Icahn’s Letter To Apple: The Missing Key Points
Carl Icahn title=”Icahn tweet”>tweeted on Thursday, January 23, announcing that he had bought another $500 million of Apple’s stock that day ($1 billon over the past week) bringing his total to $3.6 billion and published a seven page letter to shareholders on why the company’s buyback should be markedly increased and executed faster. (Note that my family and I own Apple shares and have sold put options which is a bullish strategy).
Agree that the shares are undervalued and the company should buyback shares quickly
I agree that the shares are undervalued (I own them and my target price is $630) and would like to see them repurchased as quickly as possible. It also makes sense to borrow money at this time as it should only get more expensive as the Fed tapers further.
Icahn does point out the company’s positives such as the ecosystem it has developed and potential for wearables, TVs and a payment platform. Overall I believe few would disagree that the company should be buying back stock and doing it quickly. The question is how much to buyback and when.
$50 billion buyback in 2014 would drive Apple to borrow at least $20 billion and risk a credit downgrade
From a note I wrote last week Apple spent $10.6 billion for dividends in fiscal 2013 while it generated about $13.5 billion in U.S. cash, up from $11.4 billion in fiscal 2012.
Icahn wrote “Given that the company has $130 billion of net cash and $40 billion of expected annual earnings, and the fact that it is hard to find a better time in history to borrow money, a $50 billion share repurchase over the course of fiscal year 2014 seems more than reasonable to us. Apple could either continue to carry this debt, repay it from its domestic earnings over time, or repatriate cash from abroad upon the passage of corporate tax reform.”
To accomplish this the company would have to spend all of its U.S. cash of $35 billion, about $5 billion of cash that it should generate after paying the dividend and borrow $10 billion. This would leave Apple with no U.S. cash. Since Apple wouldn’t put itself in that position it would have to take on more debt but could run into a potential rating downgrade if it takes on more than $10 billion in debt per a Moody’s report in December.
From a financial perspective Apple could take on more debt, have its credit downgraded and pay what would probably be a slightly higher interest rate. However, I don’t think management will do that or want to do it planning for a lower tax rate on overseas cash becoming eventually enacted by Congress. Mathematically it pencils out but that isn’t the way to run a business.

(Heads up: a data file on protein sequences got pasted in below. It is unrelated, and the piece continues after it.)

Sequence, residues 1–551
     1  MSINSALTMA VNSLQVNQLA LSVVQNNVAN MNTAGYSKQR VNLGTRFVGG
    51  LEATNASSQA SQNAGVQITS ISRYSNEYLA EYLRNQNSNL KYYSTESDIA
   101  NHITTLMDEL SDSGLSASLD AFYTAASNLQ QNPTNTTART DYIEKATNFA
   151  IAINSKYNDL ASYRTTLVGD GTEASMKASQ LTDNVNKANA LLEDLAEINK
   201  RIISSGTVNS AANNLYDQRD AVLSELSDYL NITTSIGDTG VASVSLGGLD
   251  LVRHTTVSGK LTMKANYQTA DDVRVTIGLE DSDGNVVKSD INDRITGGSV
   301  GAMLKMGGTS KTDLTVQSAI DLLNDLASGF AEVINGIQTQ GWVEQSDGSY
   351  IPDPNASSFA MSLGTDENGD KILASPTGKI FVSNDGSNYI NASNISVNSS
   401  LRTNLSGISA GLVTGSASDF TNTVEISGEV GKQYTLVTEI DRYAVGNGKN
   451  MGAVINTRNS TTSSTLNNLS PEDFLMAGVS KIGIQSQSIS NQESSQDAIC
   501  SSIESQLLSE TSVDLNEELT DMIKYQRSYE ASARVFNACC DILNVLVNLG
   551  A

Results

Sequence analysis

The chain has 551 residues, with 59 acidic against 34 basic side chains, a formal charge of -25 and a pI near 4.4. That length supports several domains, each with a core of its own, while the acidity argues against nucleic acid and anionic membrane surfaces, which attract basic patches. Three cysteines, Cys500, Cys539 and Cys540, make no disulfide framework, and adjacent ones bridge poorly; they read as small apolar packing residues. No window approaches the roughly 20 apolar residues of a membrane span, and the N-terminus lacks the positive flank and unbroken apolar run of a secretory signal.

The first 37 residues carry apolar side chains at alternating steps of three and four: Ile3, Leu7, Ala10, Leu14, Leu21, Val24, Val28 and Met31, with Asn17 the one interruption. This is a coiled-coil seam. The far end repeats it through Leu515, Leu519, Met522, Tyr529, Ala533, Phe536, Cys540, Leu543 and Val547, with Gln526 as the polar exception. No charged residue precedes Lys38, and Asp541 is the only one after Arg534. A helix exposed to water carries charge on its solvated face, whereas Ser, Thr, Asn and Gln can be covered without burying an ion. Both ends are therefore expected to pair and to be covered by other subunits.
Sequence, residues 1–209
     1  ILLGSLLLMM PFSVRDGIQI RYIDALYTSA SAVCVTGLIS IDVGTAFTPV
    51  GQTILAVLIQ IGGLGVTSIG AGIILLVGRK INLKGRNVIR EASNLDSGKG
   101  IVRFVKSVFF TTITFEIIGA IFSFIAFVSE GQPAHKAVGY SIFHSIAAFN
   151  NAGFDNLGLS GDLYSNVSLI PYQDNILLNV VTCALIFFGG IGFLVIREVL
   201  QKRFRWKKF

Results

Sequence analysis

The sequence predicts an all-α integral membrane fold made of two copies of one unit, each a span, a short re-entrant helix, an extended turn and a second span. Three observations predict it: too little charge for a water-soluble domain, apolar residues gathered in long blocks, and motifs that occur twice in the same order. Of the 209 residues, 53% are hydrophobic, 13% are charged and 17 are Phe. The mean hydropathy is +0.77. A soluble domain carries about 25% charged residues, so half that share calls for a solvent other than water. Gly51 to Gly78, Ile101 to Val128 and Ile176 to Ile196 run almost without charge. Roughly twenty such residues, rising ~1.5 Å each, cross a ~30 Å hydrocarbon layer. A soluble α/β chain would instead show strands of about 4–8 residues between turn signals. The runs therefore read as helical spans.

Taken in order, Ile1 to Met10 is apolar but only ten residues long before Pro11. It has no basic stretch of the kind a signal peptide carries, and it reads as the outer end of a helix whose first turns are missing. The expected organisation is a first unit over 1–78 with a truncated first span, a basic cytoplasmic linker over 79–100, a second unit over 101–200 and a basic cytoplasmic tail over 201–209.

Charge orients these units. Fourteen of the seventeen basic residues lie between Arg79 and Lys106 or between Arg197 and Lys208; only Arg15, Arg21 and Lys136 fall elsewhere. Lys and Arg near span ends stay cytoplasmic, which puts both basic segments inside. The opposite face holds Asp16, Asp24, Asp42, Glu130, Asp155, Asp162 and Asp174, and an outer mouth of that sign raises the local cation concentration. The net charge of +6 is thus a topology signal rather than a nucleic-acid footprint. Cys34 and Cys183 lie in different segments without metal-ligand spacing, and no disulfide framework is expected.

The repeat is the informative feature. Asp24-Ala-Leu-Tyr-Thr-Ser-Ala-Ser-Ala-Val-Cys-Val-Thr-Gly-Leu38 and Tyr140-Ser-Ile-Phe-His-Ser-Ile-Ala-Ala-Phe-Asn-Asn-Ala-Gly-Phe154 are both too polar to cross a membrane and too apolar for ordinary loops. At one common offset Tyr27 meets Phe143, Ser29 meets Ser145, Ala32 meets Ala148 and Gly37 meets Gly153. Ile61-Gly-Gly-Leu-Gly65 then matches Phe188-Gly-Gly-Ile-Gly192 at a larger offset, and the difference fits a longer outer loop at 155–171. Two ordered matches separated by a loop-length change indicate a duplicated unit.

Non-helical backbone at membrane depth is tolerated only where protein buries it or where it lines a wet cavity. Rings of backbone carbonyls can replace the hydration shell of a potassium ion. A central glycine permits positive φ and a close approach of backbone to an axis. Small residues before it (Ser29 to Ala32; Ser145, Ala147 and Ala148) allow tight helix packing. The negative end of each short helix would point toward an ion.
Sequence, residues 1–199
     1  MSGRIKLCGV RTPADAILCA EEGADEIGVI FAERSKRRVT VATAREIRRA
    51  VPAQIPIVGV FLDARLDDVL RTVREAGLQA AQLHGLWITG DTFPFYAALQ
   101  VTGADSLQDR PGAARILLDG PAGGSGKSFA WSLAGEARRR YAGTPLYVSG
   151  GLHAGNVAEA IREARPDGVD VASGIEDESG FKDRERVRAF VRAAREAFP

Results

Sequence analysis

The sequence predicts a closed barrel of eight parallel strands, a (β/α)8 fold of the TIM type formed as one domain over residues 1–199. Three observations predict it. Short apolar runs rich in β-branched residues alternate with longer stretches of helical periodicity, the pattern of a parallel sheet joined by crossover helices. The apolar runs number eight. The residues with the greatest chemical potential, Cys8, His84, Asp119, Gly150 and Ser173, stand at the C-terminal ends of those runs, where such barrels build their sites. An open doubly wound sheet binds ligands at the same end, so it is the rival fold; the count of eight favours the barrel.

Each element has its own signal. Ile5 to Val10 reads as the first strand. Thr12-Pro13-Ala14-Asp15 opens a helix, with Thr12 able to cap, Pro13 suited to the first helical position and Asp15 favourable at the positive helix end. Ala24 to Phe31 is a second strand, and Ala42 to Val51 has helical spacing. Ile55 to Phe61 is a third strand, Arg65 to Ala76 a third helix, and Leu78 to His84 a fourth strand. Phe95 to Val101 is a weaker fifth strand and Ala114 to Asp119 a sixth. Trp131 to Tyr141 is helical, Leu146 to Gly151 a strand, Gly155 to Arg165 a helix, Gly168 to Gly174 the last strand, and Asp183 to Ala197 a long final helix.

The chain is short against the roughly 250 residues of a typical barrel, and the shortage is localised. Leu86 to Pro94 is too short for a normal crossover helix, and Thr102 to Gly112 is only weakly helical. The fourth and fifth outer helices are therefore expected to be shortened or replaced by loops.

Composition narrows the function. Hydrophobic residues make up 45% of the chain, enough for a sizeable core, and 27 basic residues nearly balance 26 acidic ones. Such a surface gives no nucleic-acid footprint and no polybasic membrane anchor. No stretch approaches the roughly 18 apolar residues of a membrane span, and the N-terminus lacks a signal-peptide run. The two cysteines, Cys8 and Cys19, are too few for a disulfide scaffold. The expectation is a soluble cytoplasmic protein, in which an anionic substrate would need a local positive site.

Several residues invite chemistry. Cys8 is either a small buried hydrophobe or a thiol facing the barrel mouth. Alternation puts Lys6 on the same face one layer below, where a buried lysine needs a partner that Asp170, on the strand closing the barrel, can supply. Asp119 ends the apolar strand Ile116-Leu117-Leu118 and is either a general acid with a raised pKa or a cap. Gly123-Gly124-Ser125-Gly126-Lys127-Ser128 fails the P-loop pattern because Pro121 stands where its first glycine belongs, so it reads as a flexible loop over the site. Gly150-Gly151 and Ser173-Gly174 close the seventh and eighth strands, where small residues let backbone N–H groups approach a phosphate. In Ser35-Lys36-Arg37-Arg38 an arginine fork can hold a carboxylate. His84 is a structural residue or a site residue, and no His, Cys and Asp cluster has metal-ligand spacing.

In fiscal 2013 Apple spent $22.9 billion on share buybacks and $10.6 billion for dividends ($33.5 billion in total). Apple took on $17 billion in debt and used $16.5 billion of U.S. cash to make up the difference. Since the company’s U.S. based cash decreased by about $3 billion for the year it generated about $13.5 billion in U.S. cash vs. about $11.4 billion in fiscal 2012.
Through calendar 2015 Apple will need over $20 billion to pay dividends and has over $37 billion remaining in its buyback program for $57 billion in total. Assuming that U.S. cash generation increases to $15 billion per year ($30 billion in total for two years) it will need to use about $27 billion of its remaining $35.5 billion that it had as of September 2013 or take on more debt.
In Icahn’s letter he wrote “With 238 million TVs sold globally in 2012, it would not surprise us if Apple could sell 25 million new Apple ultra high definition televisions at $1,600 per unit, especially when considering both its track record of introducing best in class products and its market share in smartphones and tablets. At a gross margin of 37.7%, which would be consistent with that of the overall company, such a debut would add $40 billion of revenues and $15 billion to operating income annually.”
These assumptions are optimistic to me. With a 60 inch Sharp HDTV selling for $1,300, Vizio’s at $800 and Samsung’s 55 inch at $1,000 on Best Buy’s website I believe it will be difficult for Apple to capture 10% of the global TV market at a $1,600 price point.
Next the TV market is extremely competitive with brutal price competition. Based on how the current TV manufacturers are faring Icahn’s assumption that Apple can obtain the company’s average 37.7% gross margins is aggressive.
Lastly Icahn estimates that the company won’t incur any incremental sales, marketing, administrative and R&D costs associated with a new product category and that all the gross profit dollars fall to the bottom line from Footnote #5 in the letter.
From Footnote #5:
25MM units x $1,600 per unit = $40B of Revenues. $40B x 37.7% gross margin = $15B gross margin, all of which we assume would drop down to operating earnings.
Obviously Apple will have to spend some amount of money. While it /4/not be as much as the 9% operating expenses that the company incurred in fiscal 2013 Apple will have some expense associated with a new product line.
The stock was down over $10 on Friday and closed at $546.07, just below its 50 day moving average of $546.56. The shares have been trading around the 50 day moving average during the month of January and to a large degree have found support at it. If the company’s results are as strong as I believe they will be after it reports on Monday the support it has received should help the stock.
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